referencing, by which infants use others’ emotional tion of anger expression because of the less positive
expressions (typically those displayed by a primary care- expectancies about receiving a supportive response for

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158 ZEMAN ET AL JDBP/April, Vol. 27, No. 2

these emotional displays. Interestingly, methods of to (1) the amygdala, (2) prefrontal cortex activation and
regulation differ as a function of gender with girls functioning, (3) the hypothalamic-pituitary-adrenocortical
tending to use substitution of one emotional display for (HPA) system, and (4) vagal tone.33Y37 A brief summary of
another and boys tending to be more skilled at neutraliz- relevant findings concerning each component’s association
ing their emotional expressions.28 Children also recognize with ER will be presented.
that others’ emotional reactions to a situation may not The Amygdala. The amygdala has been dubbed ‘‘the
match their own and that others, too, may choose to alter emotional computer.’’35 Studies showing the effects of
their emotional expressions.5 lesions to the amygdala have found that animals with these
lesions have ‘‘lost’’ typical behaviors associated with fear
Adolescence of specific stimuli (e.g., fight-or-flight response). These
From middle childhood into adolescence (i.e., 12Y18 findings have supported the notion that the amygdala is
responsible for determining the motivational significance
years), children’s ability to regulate their emotions increases,
of a given stimuli and its reward value. Upon establishing
and ER decisions become more differentiated as a function
of motivation, emotion type, and social-contextual fac- emotional significance, information is sent via neural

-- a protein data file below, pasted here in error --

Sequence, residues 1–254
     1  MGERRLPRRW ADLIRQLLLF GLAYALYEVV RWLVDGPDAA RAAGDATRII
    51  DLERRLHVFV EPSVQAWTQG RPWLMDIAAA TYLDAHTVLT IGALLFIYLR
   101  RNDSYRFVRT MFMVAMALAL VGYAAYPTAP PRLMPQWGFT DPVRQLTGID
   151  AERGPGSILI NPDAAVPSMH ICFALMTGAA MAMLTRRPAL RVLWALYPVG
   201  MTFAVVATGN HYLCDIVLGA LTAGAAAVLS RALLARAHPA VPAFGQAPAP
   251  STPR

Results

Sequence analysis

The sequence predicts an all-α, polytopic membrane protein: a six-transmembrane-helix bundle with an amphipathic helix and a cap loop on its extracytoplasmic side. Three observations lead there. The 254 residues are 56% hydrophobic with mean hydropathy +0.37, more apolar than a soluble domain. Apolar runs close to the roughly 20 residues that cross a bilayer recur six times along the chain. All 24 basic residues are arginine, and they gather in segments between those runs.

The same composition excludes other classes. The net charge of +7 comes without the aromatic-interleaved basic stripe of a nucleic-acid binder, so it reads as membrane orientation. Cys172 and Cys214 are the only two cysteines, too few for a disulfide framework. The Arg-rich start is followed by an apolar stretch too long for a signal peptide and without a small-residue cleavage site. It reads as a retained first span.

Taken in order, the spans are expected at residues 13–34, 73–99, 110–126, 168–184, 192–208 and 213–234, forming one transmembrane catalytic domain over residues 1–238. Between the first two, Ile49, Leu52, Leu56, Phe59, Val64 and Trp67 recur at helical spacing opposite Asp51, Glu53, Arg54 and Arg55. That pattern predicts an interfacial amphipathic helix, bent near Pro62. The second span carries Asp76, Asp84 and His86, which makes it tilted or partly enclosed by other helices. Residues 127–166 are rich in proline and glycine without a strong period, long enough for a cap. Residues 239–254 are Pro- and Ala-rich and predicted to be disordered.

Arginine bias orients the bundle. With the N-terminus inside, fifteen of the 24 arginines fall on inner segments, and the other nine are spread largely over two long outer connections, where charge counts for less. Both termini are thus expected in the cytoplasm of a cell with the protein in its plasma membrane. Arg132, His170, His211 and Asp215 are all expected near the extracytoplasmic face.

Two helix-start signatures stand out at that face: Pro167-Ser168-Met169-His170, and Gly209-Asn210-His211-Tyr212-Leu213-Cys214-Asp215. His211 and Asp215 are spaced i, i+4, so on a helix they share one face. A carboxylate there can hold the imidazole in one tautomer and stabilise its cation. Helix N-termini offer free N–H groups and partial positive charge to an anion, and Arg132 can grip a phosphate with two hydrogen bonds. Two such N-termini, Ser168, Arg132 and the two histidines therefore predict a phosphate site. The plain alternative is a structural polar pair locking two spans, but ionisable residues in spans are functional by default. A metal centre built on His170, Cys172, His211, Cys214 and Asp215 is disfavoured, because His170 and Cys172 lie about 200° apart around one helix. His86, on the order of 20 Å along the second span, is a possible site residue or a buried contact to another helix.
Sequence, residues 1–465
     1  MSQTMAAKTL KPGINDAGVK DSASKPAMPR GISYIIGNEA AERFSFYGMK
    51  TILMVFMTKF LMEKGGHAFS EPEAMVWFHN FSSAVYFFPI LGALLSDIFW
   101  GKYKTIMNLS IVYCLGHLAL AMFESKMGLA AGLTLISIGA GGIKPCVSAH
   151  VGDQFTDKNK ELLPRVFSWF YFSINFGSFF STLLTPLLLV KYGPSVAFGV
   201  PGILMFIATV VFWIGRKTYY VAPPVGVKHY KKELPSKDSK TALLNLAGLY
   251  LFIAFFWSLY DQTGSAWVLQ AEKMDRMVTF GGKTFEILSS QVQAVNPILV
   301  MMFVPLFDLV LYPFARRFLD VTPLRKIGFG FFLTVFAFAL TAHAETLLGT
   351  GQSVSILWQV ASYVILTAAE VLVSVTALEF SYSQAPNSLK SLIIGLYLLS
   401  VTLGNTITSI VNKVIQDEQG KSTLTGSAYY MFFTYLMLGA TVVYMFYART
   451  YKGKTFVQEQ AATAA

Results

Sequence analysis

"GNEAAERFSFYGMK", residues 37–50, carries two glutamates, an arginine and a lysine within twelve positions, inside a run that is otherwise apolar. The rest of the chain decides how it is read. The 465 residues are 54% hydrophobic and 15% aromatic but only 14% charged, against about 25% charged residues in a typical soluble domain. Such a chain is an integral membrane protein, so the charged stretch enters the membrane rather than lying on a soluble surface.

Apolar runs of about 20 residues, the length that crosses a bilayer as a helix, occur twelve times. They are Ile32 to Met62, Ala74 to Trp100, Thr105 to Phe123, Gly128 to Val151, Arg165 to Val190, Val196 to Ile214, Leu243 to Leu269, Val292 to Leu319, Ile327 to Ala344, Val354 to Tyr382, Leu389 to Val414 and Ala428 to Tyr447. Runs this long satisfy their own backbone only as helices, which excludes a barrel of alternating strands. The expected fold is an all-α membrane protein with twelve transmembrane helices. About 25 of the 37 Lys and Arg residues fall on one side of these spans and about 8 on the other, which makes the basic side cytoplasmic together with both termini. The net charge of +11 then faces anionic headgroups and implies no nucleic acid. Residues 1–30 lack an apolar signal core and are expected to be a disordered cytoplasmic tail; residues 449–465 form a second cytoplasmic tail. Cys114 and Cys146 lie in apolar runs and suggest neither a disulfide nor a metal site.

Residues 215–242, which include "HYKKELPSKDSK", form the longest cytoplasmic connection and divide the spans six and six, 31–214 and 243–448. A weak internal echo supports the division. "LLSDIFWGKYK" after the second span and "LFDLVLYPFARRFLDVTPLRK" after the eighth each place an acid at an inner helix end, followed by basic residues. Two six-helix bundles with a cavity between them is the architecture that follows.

pathways to lower brain structures involved in initiating
tors.23,27 Adolescents’ heightened awareness of the inter-
motor movement and the release of neurochemical agents.
personal consequences for a particular display of emotion
In addition, the amygdala also receives feedback from the
and changing social relationships with parents versus peers
prefrontal cortex that has further analyzed sensory infor-
influences their decisions to express certain emotions to
mation and either prompts continuation or inhibition of the
particular individuals.21,22,29Y31 For example, adolescents
initial signal. Thus, as an emotional computer, the
are more likely to express emotion when a supportive
amygdala plays a central role in the elicitation, monitoring,
reaction is expected.21,27 Interestingly, eighth-grade ado-
and cessation of emotional arousal through its effect on
lescents compared with other age groups report altering
physiological components of emotion and ability to learn
their emotional expressions more to their mothers than
other family members or peers.30 Finally, although social from experience.
In addition to the amygdala’s importance to individual
or self-conscious emotions such as shame and pride have
differences of normal emotional functioning, variations in
already emerged, these emotional experiences may increase
amygdala functioning have been found to have implica-
in intensity or frequency in adolescence given adolescents’
tions for the development of psychopathology. For
heightened sensitivity to the evaluations of others.32
example, functional magnetic resonance imaging studies
have shown that children with anxiety disorders have an
MECHANISMS OF INFLUENCE increased amygdala response to fearful faces compared
with healthy children.38 In contrast, depressed children
In contrast to the description of emotional develop-
exhibit amygdala responses that are consistently less
ment, research has begun to answer the question
concerning how ER develops. When examining mecha- intense than healthy children regardless of the valence of
the face. Overall, empirical findings suggest that the
nisms of influence, it is important to investigate the role
amygdala’s influence on the development of ER is through
of both biological and environmental factors. Within the